Love your Valentine and love the planet

Kira Santiago

Tazewell County farmer and floral designer Kira Santiago is growing a selection of paperwhites and hyacinth flowers for sale for Valentine’s Day. Her flowers are sustainable and contribute less to global climate change than flowers treated with chemicals and shipped long distances. (PHOTO BY CLARE HOWARD)

Kira Santiago understands the complexities of expressing love on Valentine’s Day. She wants to remind people that when thinking about love, extend thoughts to local, sustainable and organic.

Organic matters for flowers as well as food!

Santiago is an organic flower farmer and floral designer working with her partner Evan Barry on a Civil War-era farmstead in rural Tazewell County. She grows about 75 varieties of flowers on her one-acre plot.

“It’s important to think where flowers come from. When you buy flowers in a grocery store, you are probably supporting farms that rely on chemicals and ship great distances,” she said. “Farm workers in those fields are often exposed to chemicals.”

Although she is not growing in the fields at this time of year, she has a small crop of organic paperwhites and hyacinths that she has grown inside her farmhouse for Valentine’s Day orders.

“My flowers are grown with love for the planet and as an expression of love,” she said.

Santiago is a regular flower vendor at Peoria Riverfront Market in the summer. She also has a flower CSA that distributes a weekly bouquet to her customers. Her floral design was recently included in an exhibit at McLean County Arts Center and she was named one of “35 under 35” up and coming florists in the United States in August by Florist’s Review magazine.

Santiago’s papewhites and hyacinths are selling for $25 to $35 with pickup at her farm. Delivery options are also available. For more information, check out her website at www.kirasflowers.com or email her at kirasflowers@gmail.com.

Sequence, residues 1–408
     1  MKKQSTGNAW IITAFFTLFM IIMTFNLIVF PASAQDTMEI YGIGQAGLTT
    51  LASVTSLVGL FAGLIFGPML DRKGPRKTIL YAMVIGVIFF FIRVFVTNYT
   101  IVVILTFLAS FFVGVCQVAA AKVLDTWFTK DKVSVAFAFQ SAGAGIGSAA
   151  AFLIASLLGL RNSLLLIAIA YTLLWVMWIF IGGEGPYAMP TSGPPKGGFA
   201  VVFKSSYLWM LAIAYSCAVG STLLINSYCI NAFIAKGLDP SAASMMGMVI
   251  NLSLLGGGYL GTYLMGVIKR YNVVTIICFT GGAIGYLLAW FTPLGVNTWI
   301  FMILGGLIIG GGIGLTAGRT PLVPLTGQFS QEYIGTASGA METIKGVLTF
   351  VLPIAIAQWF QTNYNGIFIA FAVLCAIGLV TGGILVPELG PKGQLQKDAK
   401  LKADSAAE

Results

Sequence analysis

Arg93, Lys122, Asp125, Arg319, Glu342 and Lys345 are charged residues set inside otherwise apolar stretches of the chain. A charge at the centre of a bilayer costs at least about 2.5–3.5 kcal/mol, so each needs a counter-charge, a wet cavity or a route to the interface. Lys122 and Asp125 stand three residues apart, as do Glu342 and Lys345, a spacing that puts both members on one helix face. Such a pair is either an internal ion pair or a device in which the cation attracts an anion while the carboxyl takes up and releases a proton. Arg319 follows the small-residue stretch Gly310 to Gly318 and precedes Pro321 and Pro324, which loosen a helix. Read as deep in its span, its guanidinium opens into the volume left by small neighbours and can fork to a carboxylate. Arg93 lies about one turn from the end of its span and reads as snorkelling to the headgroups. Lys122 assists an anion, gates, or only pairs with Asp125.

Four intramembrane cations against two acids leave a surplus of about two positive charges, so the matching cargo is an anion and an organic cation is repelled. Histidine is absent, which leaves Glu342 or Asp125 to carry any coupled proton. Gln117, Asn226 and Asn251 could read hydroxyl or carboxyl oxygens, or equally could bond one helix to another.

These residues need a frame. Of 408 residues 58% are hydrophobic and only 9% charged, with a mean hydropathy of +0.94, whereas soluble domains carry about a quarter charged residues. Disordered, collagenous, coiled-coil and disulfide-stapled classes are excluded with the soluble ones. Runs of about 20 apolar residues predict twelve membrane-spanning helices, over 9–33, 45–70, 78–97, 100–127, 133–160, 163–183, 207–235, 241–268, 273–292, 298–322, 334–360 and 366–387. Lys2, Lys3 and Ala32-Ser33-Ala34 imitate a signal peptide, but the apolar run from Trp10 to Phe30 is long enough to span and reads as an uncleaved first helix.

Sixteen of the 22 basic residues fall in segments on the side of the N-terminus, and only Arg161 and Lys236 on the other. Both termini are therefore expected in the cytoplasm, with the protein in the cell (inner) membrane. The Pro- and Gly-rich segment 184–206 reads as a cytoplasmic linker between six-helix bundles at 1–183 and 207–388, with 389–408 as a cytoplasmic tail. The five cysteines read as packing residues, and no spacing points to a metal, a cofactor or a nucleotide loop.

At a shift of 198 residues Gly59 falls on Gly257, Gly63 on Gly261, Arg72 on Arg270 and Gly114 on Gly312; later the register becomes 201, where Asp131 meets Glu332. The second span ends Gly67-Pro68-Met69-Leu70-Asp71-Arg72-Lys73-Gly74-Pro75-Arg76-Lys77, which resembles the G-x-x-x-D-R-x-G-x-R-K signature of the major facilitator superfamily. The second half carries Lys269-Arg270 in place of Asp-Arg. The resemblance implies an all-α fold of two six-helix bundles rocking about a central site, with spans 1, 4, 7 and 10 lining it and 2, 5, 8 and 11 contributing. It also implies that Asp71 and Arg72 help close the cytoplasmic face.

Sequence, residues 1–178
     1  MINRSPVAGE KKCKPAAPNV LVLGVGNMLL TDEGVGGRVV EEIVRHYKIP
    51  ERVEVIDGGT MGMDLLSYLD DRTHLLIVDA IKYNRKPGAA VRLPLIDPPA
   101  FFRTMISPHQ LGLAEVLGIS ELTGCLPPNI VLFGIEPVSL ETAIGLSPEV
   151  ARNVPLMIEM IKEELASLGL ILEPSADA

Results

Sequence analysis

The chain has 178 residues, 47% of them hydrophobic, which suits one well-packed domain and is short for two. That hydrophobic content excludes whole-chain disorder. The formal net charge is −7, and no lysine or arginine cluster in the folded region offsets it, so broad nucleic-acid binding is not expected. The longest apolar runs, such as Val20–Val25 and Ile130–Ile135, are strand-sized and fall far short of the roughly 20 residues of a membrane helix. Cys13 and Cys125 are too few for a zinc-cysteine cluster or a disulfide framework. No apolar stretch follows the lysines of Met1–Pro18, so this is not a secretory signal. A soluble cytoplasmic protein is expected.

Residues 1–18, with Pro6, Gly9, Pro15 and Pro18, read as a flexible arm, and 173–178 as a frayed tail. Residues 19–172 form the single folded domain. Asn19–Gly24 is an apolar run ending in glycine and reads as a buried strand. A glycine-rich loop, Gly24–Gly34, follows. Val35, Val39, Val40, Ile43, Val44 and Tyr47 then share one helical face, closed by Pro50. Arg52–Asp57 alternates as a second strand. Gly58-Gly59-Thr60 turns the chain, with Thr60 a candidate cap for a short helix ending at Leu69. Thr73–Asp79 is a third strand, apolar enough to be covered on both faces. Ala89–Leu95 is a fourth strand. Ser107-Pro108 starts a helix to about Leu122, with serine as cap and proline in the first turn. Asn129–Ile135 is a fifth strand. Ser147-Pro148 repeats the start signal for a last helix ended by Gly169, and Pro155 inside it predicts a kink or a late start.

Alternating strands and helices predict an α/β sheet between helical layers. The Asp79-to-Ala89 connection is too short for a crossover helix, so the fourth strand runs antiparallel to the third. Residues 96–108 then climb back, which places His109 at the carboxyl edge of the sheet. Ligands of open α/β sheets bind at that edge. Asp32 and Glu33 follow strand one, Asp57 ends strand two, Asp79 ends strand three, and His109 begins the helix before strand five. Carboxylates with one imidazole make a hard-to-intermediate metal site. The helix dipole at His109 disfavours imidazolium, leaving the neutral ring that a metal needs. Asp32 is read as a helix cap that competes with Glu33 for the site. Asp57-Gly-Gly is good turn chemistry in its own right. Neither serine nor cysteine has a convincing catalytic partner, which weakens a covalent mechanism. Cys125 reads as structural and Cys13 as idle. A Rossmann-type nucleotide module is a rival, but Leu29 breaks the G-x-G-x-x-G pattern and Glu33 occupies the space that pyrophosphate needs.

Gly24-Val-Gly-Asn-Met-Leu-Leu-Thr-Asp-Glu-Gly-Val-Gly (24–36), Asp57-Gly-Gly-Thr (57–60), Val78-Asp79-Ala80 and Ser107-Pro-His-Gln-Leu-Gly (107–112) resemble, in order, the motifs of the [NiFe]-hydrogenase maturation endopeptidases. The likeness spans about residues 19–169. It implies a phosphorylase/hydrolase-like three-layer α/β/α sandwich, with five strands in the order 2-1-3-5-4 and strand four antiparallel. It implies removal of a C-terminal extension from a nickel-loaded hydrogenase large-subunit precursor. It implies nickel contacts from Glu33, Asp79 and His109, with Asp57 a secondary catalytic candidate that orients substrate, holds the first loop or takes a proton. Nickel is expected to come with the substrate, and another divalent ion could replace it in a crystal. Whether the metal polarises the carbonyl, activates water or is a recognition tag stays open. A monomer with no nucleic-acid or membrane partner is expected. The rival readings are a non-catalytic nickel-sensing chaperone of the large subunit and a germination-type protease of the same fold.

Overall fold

Liz Moran Stelk, executive director at Illinois Stewardship Alliance, said consumers can use their dollars to express their political power.

“It is incredible to see the number of cut flowers at local farmers markets,” she said. “Farmers are incredibly innovative with ways to extend the season, from using hoop houses to other technologies.”

Stelk said the Alliance is proud of its work with state legislators on the Illinois Cottage Food Law and the help it provides farmers.

“The law is now in its fifth year. Illinois now has one of the most progressive food freedom markets in the country,” she said.

According to the alliance, flower CSA’s are “blooming across Illinois,” and the organization has compiled a list of half a dozen in central Illinois from Peoria to Springfield, Decatur, Champaign-Urbana and Bloomington.

The alliance is in the process of expanding its Buy Fresh Buy Local directory from listing just central Illinois farmers to a statewide listing. With a January 2020 release date, the statewide directory will enable a more accurate assessment of the size of the local food and flower industry, number of farms and locations of farms. The alliance will be able to present this new research to state legislators to gauge their constituents’ needs.

Clare Howard

Clare Howard is the editor of the Community Word. She can be reached at communityword@yahoo.com



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